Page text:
Nationwide Childrens Hospital will host a fourth Minority Business Enterprise/Womens Business Enterprise (MBE/WBE) Open House on March 19, 2009 from 5:30 p.m. to 7 p.m. to present information about the Replacement Hospital interior build-out, site park, Central Energy Plant expansion, the hospital purchasing program, and the Healthy Neighborhoods, Healthy Families Realty Collaborative Housing Program. The open house will be held in the Ann Isaly Wolfe Education Center Stecker Auditorium on the Nationwide Childrens main campus.
Nationwide Childrens Hospital and construction managers from Gilbane and TurnerSmoot are committed to maximizing MBE/WBE involvement throughout these projects. The open house is geared towards the inclusion of minority, small and local businesses interested in bidding on the projects.
The evening will include presentations on the upcoming construction projects and networking opportunities. The Central Energy Plant is slated for completion in 2010 and the Replacement Hospital is scheduled to open in 2012.
Persons interested in attending the open house should contact Evelyn Porter at (614) 781-8550 or email@example.com. For more information, contact Larry Price at (614) 228-6332 or firstname.lastname@example.org.
During the past open houses, hundreds of prime contractors, minority and female businesses, as well as local businesses have had the opportunity to meet and form relationships that have led to new contracts. These forums continue to strengthen the open communication between Nationwide Childrens Hospital and the neighborhood community.
The cornerstone of the master plan is the new 12-floor new main hospital building encompassing 700,000 square feet. The campus master plan and new main hospital, currently valued at more than $800 million, will add more than one million square feet of clinical and research space to the existing two million square-foot downtown campus. The expansion is funded through a combination of internal support, bonds and philanthropy.
When complete, the new hospital will include:
- Private patient rooms, designed with a family zone that includes enhanced sleeping accommodations for parents, expanded personal space, private showers and internet access; a patient zone with concealed medical equipment, individual room temperature control, and patient entertainment systems; and a care-giver zone with electronic medical records, state of the art monitoring, and access to all necessary patient care technology. When combined with renovation of existing facilities, the Replacement Hospital will create a total estimated hospital capacity of 460 beds.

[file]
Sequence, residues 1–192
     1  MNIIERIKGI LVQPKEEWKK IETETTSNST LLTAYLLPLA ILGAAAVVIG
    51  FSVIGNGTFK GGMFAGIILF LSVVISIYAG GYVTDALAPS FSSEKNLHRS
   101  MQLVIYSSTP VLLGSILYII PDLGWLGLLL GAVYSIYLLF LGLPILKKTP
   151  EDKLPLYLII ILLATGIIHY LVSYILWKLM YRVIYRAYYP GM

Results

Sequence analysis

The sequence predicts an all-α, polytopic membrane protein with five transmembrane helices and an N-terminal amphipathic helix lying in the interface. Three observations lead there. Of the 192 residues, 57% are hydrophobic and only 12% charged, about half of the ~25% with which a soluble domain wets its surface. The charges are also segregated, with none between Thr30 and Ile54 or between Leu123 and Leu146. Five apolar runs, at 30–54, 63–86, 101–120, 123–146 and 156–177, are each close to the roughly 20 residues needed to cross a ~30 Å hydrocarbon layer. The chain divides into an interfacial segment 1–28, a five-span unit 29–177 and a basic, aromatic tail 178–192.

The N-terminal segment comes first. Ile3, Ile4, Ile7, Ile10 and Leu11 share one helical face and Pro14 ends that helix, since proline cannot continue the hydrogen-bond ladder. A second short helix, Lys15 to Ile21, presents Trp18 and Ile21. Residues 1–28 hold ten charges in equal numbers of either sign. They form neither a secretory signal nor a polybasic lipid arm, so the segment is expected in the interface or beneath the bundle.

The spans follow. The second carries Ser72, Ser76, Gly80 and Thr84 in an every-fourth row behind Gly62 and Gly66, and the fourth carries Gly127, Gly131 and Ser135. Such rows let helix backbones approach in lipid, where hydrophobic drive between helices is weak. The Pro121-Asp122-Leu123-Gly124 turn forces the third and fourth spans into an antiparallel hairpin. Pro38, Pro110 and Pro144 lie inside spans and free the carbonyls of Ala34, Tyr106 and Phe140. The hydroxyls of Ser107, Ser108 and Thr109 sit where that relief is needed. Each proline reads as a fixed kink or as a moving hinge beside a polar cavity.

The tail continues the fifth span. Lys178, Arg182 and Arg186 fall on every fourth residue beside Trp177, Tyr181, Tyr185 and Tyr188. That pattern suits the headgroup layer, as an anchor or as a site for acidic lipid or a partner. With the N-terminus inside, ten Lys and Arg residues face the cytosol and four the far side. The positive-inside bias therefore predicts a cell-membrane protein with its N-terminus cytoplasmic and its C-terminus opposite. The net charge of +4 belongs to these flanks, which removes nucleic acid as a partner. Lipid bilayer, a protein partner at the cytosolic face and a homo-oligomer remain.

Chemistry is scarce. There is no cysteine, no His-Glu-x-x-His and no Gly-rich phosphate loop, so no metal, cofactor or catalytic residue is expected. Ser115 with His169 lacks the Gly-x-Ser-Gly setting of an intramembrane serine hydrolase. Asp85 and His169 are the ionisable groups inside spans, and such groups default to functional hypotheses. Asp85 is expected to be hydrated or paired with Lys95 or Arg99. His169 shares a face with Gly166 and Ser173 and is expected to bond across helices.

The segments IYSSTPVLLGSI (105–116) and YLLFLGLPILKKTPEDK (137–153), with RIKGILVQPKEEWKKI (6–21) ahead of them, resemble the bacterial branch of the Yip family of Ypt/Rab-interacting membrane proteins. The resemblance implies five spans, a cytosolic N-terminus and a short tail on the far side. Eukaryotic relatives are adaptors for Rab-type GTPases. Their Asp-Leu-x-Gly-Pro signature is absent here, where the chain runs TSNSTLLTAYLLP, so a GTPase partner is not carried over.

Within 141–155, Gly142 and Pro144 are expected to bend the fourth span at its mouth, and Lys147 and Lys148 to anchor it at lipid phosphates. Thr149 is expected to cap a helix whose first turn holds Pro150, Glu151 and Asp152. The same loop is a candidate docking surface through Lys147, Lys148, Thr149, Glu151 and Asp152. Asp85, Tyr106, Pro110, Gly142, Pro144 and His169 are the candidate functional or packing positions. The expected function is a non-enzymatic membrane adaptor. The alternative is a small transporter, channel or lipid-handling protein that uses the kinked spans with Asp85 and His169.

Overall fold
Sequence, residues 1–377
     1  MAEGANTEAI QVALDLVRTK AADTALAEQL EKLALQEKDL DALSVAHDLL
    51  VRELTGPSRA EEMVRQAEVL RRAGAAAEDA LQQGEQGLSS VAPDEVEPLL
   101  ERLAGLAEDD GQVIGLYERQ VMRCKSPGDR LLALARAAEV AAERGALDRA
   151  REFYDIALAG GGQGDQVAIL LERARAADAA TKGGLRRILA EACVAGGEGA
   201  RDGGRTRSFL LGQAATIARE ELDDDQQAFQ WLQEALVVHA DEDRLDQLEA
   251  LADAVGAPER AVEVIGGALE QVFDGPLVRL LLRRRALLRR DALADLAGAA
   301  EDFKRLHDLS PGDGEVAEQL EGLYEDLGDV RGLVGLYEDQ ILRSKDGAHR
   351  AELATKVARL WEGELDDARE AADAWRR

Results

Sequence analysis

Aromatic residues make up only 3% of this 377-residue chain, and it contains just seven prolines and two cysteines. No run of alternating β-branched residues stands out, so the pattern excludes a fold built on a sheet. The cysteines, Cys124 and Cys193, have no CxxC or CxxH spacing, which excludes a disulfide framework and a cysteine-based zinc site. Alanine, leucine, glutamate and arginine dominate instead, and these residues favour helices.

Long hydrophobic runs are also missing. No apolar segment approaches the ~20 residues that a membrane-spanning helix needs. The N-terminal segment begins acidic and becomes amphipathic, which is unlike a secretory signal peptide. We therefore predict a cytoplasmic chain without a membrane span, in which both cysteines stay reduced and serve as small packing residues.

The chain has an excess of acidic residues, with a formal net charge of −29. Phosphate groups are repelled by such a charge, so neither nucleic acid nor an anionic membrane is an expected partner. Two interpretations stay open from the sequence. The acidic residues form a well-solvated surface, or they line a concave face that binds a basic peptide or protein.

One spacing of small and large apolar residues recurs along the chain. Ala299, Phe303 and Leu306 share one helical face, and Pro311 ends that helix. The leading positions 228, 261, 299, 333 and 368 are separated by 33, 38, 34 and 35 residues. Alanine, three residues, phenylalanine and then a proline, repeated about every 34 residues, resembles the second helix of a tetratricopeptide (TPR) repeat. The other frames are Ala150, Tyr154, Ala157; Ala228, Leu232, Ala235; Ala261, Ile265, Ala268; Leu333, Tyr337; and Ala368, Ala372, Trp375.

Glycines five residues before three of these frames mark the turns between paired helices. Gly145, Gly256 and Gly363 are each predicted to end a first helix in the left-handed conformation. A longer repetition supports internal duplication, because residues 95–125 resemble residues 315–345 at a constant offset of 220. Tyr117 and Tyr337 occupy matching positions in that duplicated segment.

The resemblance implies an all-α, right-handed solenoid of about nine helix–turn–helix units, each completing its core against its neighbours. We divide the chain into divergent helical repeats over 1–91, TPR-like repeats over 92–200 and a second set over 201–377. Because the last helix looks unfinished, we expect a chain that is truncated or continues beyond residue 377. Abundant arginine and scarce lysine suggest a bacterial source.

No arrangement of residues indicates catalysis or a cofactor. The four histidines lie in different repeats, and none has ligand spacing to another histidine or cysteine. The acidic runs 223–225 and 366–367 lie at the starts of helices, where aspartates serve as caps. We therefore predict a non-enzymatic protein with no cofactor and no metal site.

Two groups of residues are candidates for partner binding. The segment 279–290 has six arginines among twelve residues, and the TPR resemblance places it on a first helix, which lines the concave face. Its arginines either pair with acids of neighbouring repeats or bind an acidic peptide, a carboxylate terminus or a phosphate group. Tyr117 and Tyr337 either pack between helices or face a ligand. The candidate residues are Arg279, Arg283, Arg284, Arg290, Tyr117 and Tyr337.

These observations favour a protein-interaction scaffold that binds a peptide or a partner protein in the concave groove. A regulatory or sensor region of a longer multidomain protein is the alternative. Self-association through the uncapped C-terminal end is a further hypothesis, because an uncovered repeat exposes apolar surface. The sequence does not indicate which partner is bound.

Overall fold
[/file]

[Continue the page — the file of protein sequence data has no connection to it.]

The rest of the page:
- An Emergency Department that will nearly double in size from the current 38-bed facility and will include increased support for Ohios first Level I Pediatric Trauma Center, as well as enhanced family support services, and dedicated specialty rooms such as child abuse assessment, and dental, eye and orthopedic emergencies.
- A new Hematology/Oncology/Blood and Marrow Transplant unit which will combine inpatient beds, outpatient clinic and Day Hospital into one convenient unit with 36 inpatient beds and 15 infusion beds; a new neurodiagnostics center to house 48 beds with EEG, sleep and inpatient services; and an entire floor of 30 beds devoted to pediatric intensive care patients with a second intensive care unit of 20 beds dedicated to heart and transplant care.
- A performance space which will include a theater with advanced audio-visual equipment and seating to accommodate wheelchairs and beds.
- Six acres of park-like green space in front of the new hospital, adjacent to Livingston Park.
- Family lounges on every floor, indoor and outdoor dining spaces, continuation of the on-demand room service for patients just introduced this year, and age-appropriate playrooms throughout the new hospital.
The new Central Energy Plant will supply normal and emergency electrical power, chilled water, hot water, domestic water, steam, and fire suppression water to the Replacement Hospital, as well as the rest of the existing Nationwide Childrens Hospital facility. These utilities originate from the Central Energy Plant and convey utility services such as electricity and water through a series of underground tunnels throughout the hospital campus.